S: The most important part is starting with a high-quality tequila. Silver and reposado interchange fairly easily. I normally would steer away from using añejo in a Margarita. I find that there are other cocktails that it suits better. But there’s nothing wrong with it, if you want to try and want a little bit more of that barrel characteristic to go through there. I do find that that ratio pretty much stays the same: that ounce and a half, 1 ounce, three-quarters. The most important part is using 100 percent de agave tequila. Every tequila that PATRÓN uses is made from 100 percent de agave. If we take it back to the story of where we were talking about that frozen Margarita, that gave rise to a problem as far as tequila was concerned. That frozen Margarita machine and this rise in the popularity of the cocktail meant that there was an immediate strain on how much tequila was needed to come into the U.S. You have to keep in mind that the Blue Weber agave, which is the only type of agave that can be used to make tequila, takes about five to seven years to grow. If you haven’t planned for some sudden boom in the cocktail world, then you were just ticking along at your normal progress. Suddenly, you’re met with this increased demand and no real way out. So the regulatory body for tequila decided that they were going to change the rules of tequila. They would keep tequila where it just had the name of tequila, but they were going to change that you had to only have 51 percent of agave and 49 percent of the rest of it could be any other sugar. Essentially, you were able to double your production for half the cost. They also introduced 100 percent de agave tequila. That was where no other sugars could be added into it. It has a lot tighter laws to it. It couldn’t be shipped out in bulk. It had to be bottled in Mexico inside of that specific region of Jalisco and a few surrounding states. It was much harder to make a 100 percent de agave tequila. Throughout the ’80s, we see a rise in those tequilas that were 51 percent and 49 percent. We refer to them as a “mixto,” that’s the nickname that those get. It would just be tequila without the 100 percent de agave on there. That gave rise to that type of spirit entering into America. We had about 30 brands that were coming into the U.S. in the ’80s, and about three of those were going to be 100 percent de agave. 1989 is when PATRÓN was born from seeing that opportunity. Making that in that really great way led to the boom in tequila. There’s no doubt in anyone’s mind that tequila would not be as popular as it is right now if it wasn’t for PATRÓN, and that handcrafted quality tequila coming in and showing people what tequila should taste like. After that point, you can literally track it through the years as PATRÓN gains more popularity and starts to spread out throughout the U.S. You start to see that 100 percent de agave takes over as the No. 1 seller, whereas before it was definitely the mixto that was more popular. That’s just to bring it back. What you’re looking for anytime that you’re making a cocktail or a Margarita, you want to know what you’re putting into it. If you’re going to be hand-squeezing limes, you’re going to be going out to the store to get all of these ingredients, prep, batch, and do all of that stuff. You better be using good-quality tequila. It’s going to lift up that perfect, crisp taste of the Margarita. And 100 percent de agave PATRÓN is definitely going to be the best way.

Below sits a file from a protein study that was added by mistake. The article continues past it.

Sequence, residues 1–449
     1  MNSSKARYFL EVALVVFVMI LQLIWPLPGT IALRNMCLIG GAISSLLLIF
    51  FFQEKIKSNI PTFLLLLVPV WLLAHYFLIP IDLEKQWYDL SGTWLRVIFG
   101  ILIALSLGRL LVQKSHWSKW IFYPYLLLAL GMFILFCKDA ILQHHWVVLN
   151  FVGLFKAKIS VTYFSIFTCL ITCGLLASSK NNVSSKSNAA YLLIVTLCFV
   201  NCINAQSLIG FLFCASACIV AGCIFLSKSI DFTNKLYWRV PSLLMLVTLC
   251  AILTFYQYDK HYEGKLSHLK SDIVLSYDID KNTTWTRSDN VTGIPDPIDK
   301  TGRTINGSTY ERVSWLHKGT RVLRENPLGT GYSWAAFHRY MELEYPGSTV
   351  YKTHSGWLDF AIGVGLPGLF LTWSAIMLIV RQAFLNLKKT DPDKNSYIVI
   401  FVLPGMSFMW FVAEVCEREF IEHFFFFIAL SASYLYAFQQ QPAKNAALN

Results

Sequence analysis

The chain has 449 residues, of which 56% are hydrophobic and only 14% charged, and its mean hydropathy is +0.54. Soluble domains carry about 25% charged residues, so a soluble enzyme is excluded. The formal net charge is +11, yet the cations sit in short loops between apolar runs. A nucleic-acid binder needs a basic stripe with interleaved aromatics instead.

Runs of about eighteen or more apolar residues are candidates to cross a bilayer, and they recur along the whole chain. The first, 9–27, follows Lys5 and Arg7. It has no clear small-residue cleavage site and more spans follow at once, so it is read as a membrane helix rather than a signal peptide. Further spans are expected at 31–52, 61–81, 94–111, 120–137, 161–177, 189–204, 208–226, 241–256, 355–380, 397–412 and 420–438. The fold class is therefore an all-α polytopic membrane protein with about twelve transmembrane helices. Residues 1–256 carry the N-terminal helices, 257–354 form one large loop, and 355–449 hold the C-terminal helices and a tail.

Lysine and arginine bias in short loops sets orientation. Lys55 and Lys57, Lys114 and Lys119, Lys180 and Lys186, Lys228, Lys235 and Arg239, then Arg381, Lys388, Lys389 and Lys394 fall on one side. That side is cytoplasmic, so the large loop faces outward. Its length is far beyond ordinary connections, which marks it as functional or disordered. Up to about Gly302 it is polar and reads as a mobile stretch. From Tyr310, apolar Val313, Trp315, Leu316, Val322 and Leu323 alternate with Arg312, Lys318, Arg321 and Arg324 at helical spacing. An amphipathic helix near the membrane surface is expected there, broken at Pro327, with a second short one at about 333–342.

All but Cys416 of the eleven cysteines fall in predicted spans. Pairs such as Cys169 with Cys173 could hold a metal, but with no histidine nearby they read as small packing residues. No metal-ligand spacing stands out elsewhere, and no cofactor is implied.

Z: Let’s talk a little bit about some variations on the Margarita that people might be familiar with. It’s so popular that, maybe when I asked you how to build a Margarita, people might be surprised that you didn’t give the recipe for a Tommy’s Margarita. How does that vary, and do you have a preferred formulation for that drink?

S: Tommy’s Margarita was created in a bar in San Francisco, by a man named Julio Bermejo. For most people, it’s the most popular version of the Margarita. It’s become a twist on that classic of using PATRÓN Silver as your base and then instead of using an orange liqueur, you’re going to use agave nectar and lime juice. And that’s it. If you go to Tommy’s and you see them do it, they add it all into a blender, but they don’t blend it. They just use the handle on the outside of the blender to give it a shake and a swirl. They combine everything together and pour it right into the glass.

Z: Ratio-wise, are we looking at something similar to classic formulation?

S: You’ll want to bump up your tequila a little bit more. For this, you can use 2 ounces PATRÓN Silver or PATRÓN Reposado. Then, it’s going to be 1 ounce of fresh lime juice and then half an ounce of agave nectar. Again, the sweetness is where you can modify it. Stick with the ratios for the rest of it, but you can modify that sweetness by using less or more agave nectar. I would start with a quarter of an ounce and bump it up to a half an ounce, depending on how sweet you like it.

Z: Would you prefer to serve that up, or do you serve that on the rocks?

S: That one’s going to be served on the rocks. They’re going to take it, and they’re going to shake it all together and then pour everything in. If I’m making a cocktail at home, I want to get it as cold as I can, as quickly as I can, and then I want to keep it cold. So I always strain the shaking ice onto fresh ice. Then, you’ve got a cold beverage going onto cold ice in a glass, and it’s going to stay cold way longer. I said “cold” a lot right there.